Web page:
Excerpt from: Atheist Biblical Criticism
In chapter 1 of Doubting Jesus’ Resurrection (DJR), Komarnitsky addresses the empty tomb legend. When people read the New Testament they probably start reading the four gospels; indeed some people never get beyond them! But for those who do make it as far as Paul’s letters, which are now placed in printed editions after the four gospels and indeed after Acts of the Apostles, it will already be established in their minds that Jesus was buried in a tomb that was discovered empty a few days later.
The Resurrection According to Paul
However Paul, who was writing his epistles long before the gospels were written, never mentions such a tomb, and certainly not an empty one. To be fair, he does say Jesus was buried*, and rose again, but he never says anything about his burial, whether it was in a tomb or in the ground, or whether the place that he was buried was ever found empty. Most readers, of course, won’t notice this when they read Paul’s epistles because they already “know” that Jesus was buried in a tomb subsequently found empty because they have already read the gospels; thus they harmonize in their minds (or their churches harmonize it for them) what Paul has to say with what the gospel writers had to say.
Komarnitsky first attends to the question of why should
Paul have written about the tomb, empty or not. After all, he was writing not to set out the story of Jesus, rather he was addressing particular issues that had arisen in the churches with which he was corresponding. Komarnitsky rightly points out, though, that in 1 Corinthians the “resurrection of the body” had become just such a particular issue, and Paul spends quite some time dealing with it, using Jesus’ presumed resurrection as a model in his argument. Indeed, as you read 1 Corinthians 15 and see his detailed arguments about “the resurrection of the body”, both Jesus’ and those who had died in Christ, “it is hard to understand why Paul did not mention a discovered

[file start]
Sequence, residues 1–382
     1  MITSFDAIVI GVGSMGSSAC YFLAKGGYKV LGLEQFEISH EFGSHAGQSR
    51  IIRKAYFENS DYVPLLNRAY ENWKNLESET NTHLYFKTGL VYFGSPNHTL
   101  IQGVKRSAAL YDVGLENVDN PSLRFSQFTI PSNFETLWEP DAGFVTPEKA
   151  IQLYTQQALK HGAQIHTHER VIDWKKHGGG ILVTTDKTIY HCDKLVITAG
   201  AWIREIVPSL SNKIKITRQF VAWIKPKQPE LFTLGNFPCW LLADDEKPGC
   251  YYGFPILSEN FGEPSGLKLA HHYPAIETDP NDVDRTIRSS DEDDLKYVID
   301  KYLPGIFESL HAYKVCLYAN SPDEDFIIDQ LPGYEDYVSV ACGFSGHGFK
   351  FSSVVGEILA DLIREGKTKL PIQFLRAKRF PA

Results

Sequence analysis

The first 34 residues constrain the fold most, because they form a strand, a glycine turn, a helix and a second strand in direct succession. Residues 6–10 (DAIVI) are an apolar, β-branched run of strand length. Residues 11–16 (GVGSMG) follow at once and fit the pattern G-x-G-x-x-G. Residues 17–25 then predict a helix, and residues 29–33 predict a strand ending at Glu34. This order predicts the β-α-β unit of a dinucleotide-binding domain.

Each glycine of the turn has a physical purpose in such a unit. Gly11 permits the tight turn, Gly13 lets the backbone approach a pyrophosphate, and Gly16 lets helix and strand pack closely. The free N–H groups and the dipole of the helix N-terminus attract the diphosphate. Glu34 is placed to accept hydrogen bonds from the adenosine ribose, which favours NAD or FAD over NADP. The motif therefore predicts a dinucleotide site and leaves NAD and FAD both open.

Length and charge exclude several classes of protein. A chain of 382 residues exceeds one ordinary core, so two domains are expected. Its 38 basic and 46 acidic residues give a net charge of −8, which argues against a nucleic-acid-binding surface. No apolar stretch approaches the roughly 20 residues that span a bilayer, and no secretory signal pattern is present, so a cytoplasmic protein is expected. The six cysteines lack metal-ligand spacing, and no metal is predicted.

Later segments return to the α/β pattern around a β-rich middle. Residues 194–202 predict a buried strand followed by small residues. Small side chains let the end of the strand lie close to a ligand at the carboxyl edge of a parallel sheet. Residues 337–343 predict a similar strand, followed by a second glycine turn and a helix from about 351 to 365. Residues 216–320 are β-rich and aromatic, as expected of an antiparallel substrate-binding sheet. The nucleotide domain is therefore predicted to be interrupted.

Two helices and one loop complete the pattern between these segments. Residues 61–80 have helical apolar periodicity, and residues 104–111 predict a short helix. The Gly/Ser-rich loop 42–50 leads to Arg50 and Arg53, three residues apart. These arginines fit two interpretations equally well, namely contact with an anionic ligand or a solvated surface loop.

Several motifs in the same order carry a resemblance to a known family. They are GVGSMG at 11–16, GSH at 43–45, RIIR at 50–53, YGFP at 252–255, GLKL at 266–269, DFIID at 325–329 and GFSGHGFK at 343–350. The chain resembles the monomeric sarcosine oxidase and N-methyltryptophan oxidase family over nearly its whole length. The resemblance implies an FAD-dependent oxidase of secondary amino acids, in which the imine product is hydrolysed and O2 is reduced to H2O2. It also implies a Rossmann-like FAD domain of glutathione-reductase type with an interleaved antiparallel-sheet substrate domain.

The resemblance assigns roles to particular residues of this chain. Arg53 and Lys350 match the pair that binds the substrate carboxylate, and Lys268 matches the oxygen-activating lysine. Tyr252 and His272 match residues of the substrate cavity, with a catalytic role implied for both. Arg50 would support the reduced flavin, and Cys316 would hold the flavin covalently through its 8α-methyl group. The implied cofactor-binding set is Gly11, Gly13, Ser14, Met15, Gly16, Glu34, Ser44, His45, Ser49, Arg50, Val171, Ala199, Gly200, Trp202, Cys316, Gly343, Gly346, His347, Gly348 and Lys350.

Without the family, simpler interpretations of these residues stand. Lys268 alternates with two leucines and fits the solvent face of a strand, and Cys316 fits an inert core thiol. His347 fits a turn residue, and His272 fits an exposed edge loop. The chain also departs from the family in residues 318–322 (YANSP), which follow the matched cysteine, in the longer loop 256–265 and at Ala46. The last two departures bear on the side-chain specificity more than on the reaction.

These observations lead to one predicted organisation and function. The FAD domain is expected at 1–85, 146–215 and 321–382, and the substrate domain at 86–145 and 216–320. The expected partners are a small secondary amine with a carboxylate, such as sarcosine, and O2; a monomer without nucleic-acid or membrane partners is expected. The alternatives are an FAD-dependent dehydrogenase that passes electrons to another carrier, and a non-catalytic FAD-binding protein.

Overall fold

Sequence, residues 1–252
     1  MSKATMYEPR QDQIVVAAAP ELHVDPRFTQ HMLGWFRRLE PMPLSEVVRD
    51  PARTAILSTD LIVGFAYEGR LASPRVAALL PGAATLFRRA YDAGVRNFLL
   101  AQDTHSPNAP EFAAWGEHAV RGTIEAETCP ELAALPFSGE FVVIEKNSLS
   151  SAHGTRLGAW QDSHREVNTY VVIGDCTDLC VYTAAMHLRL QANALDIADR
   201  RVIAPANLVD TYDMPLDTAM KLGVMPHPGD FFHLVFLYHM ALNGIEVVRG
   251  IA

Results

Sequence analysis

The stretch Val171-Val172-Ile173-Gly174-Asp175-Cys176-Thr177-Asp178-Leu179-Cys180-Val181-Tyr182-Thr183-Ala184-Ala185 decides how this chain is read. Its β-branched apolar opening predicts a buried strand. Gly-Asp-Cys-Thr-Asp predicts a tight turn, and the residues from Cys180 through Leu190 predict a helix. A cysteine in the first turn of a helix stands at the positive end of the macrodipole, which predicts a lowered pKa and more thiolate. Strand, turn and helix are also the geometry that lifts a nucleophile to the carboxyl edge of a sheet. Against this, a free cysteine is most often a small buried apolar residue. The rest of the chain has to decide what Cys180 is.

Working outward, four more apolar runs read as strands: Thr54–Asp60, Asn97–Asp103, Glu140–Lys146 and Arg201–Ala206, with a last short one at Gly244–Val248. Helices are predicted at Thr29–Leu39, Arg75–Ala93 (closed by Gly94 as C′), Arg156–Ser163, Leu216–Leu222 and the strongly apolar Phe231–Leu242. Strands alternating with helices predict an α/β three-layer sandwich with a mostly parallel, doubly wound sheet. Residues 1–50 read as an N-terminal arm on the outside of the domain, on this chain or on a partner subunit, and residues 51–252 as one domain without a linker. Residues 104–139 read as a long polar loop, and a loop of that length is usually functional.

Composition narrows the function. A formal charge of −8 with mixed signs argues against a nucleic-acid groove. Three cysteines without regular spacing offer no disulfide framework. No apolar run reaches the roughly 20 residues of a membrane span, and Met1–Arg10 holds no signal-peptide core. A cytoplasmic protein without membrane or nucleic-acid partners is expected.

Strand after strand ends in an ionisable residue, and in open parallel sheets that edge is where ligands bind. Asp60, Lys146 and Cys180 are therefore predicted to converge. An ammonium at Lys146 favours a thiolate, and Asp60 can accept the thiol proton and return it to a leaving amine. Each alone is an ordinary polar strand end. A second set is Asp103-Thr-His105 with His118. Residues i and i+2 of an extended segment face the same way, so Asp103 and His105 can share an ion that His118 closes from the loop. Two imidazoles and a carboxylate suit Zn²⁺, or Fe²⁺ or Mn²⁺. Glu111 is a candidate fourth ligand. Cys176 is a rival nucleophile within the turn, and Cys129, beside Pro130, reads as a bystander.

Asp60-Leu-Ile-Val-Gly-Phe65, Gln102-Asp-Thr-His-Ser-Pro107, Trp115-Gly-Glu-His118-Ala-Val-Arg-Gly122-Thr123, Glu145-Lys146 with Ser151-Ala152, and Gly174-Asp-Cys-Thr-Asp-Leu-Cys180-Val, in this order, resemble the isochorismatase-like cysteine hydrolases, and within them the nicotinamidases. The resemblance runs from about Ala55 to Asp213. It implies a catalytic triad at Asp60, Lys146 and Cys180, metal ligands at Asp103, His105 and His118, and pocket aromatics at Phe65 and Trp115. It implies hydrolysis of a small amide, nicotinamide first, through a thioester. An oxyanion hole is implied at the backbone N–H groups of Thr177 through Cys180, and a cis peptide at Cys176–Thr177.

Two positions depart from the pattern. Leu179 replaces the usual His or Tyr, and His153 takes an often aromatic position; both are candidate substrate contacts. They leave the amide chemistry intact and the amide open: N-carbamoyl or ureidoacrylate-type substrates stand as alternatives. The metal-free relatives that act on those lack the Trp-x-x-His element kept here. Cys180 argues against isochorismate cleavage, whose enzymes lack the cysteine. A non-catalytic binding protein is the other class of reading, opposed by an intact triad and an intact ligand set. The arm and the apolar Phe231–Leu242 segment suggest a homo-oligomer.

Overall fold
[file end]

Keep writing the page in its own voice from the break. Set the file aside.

empty tomb if he knew about it.” (Komarnitsky’s italics, chapter 1, paragraph before endnote 3).
Sometimes christian apologists try to argue that Paul does, in some undetectable way, imply the existence of an empty tomb (I remember one arguing this on the former Richard Dawkins forum which has sadly been deleted so I can no longer find our conversation). I think this kind of argument shows that these christian apologists recongnise that there is an issue here, and they want to find a way of reading into 1 Corinthians that there was an intimation of an empty tomb; I think that unwittingly they are surrendering the case that Paul’s resurrection is different in this respect to the gospel writers’ resurrection.
Komarnitsky picks up on some other explanations that christian apologists can give in this area, and shows how unconvincing they are. In summary (and a good one at that) he cites Geoffrey Lampe:
If Paul and the tradition which he cites lay no emphasis on the [discovered] empty tomb the question arises whether Paul nevertheless may have known of it. Many New Testament scholars hold that he did. Certainly it would be quite unsafe in the ordinary way, to infer that he did not from the fact that he does not actually allude to it. But in this case I think the argument from silence has unusual force. For the situation in which Paul wrote 1 Corinthians 15 was that some of the Corinthians were denying that there is a resurrection of the dead (1 Cor 15:12). In answer to them Paul marshals every possible argument, and in particular, he adduces the known fact that Jesus was raised from the dead as the foundation for belief in the future resurrection of Christian people. If Jesus’ resurrection is denied, he says, the bottom drops out of the Christian gospel. And the evidence that he raises consists in the appearances to himself and to others. Had he known that the tomb was found empty it seems inconceivable that he should not have adduced this here as a telling piece of objective evidence.
(DJR, chapter 1 at endnote 4, citing from GWH Lampe, “Easter: A Statement” in The Resurrection, ed. William Purcell, 1996, p.43)
Paul’s version of the resurrection is thus easier to argue for. He doesn’t need any supernatural force to leave physical evidence like an empty tomb. His idea of the resurrection thus seems more primitive than Mark’s (which is itself the most primitive of the 4 canonical gospel’s resurrections). And it is to Mark’s gospel that Komarnitsky turns next.